The right to kill a tyrant

The right to kill a tyrant

The right to kill a tyrant - Saddam Hussein

Saddam Hussein
Saddam Hussein

George Bush Junior, perhaps still standing in the shadow of
his father, cries an emphatic, "Yes"! His opinion is that we must strike the
first blow before Saddam gains any further military momentum -– or gains the
first strike at the West. Meanwhile many onlookers from the left are
asking questions like 'Who gave America the right to step into someone else's
country and set up a new political structure?' Such questions would seem to
contain a hint of hypocrisy, perhaps based in ignorance. While many 'peace
lovers' condemn the concept of US military action, a distinct 'lack of peace',
indeed mortal danger, continues to threaten the lives of freedom seekers within
Iraq, desperate for international intervention to assist to bring about an end
to the long era of tyranny -– the only possibility to establish democratic

According to reports from international sources such as CBS
programme 'Face the Nation', an invasion of Iraq is not just a possibility
-– 'It's probable'. US Senator Dick Lugar stated, "The President has to
make the case (to the US -– and world public -– ed note) wait
for provocation (from Saddam) is to invite a very, very large disaster'.

Meanwhile critics of the Bush administration maintain that US
military action could actually backfire, with Saddam having 'nothing to lose'.

Australian foreign minister Alexander Downer made strong
statements after his recent high-level meetings in Washington as reported in The
6 August 2002, "...the dangerous thing for the world will be to
take a position of appeasement towards Iraq ... trying to appease Iraq will only
allow Iraq to continue to build its weapons of mass destruction capability ...
only a fool would support a policy of appeasement."

The big questions surrounding 'the right to invade Iraq'
are addressed in the same article which outlines three credible reasons for
military action against Iraq.

"First, Saddam's Iraq is in violation of at least eight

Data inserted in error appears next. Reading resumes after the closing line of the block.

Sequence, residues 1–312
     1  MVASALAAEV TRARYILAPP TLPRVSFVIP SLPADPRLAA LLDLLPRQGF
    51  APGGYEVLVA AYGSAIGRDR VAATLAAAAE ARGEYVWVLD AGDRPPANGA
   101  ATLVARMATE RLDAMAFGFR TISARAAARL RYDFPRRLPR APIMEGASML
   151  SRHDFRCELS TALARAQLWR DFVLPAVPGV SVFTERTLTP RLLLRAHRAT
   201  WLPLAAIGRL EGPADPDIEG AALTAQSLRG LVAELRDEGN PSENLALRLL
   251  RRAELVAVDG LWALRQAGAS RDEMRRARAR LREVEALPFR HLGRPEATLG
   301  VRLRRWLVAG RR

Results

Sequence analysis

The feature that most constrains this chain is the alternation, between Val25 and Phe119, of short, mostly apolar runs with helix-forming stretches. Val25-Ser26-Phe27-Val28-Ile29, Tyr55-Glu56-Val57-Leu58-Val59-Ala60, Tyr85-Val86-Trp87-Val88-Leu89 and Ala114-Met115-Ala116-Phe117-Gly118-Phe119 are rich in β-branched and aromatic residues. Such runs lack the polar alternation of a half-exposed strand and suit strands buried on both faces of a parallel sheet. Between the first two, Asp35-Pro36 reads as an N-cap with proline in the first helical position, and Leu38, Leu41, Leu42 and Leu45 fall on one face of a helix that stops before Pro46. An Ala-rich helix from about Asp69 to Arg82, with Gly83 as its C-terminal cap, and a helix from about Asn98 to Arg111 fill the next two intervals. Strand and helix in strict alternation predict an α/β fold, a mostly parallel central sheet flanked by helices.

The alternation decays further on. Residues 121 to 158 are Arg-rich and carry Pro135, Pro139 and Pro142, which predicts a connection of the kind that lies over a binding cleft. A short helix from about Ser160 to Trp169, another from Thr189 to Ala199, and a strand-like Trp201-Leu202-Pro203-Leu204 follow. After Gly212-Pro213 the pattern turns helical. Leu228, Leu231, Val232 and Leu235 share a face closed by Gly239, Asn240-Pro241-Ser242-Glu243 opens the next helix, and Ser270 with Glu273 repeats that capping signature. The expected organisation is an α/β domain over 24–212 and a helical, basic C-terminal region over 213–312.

binding resolutions of the United Nations Security Council... It is legal for
the decisions of the Security Council to be enforced.

Second, Saddam has an atrocious human rights record. The UN
human rights rapporteur has said his record is the worst since Hitler...

Third, Iraq is breaking key international treaties and
undertakings in the field of control of weapons of mass destruction (WMD).

The benefits that would flow from rectification of these
three circumstances are evident and large. They would be keenly felt in Iraq,
the Middle East and around the world. Saddam's removal could also bring an end
at least to official Iraqi aid to terrorists...

In the almost four years since Iraq has been free of UN
weapons inspections there has been a constant flow of reports from intelligence
and defector sources that indicates that Saddam has re-invigorated his WMD
development program across the board. Perhaps most alarmingly are the reports on
rapid developments in the nuclear and biological areas...'

So -– we know the reasons for the proposed offensive, the US
appears eager to 'get on with it' so why has the US not attacked yet?

'...It is becoming apparent that momentum for action, to
get the show on the road sooner rather than later, is becoming irresistible. The
main inhibitor would, in fact, seem to be the need for the US to first replenish
stocks of weapons expended in Afghanistan...'" End Quote (emphasis

So, apparently stocks of military firepower have been so
depleted, a result of the last Middle Eastern campaign, that America can't act
yet! Reports say that stocks of weaponry should be replenished by the latter
part of this year.

Internationally, many Governments (including Russia) are
opposed to the proposed US military action -– mainly in the fear that
Arab/Western world relations will break down further. The anxiety is of course
generated by fears of loss of oil supplies, and increased global terrorism
activity. The Arab attitude to the West, particularly America, is largely
negative, and Saddam in his defiance of American demands has become rather
popular amongst Easterners, even as a political tyrant.

Meanwhile, Saddam maintains his "I will never surrender"
attitude which most certainly incenses his opponents.

SO, what is the main argument against a US attack against
Saddam? Is it simply a matter of fighting for peace -– or is it an opposition
to US world domination...?

"Those who oppose war to topple Saddam Hussein refuse
to acknowledge that their stand destroys the hope for democracy in Iraq...For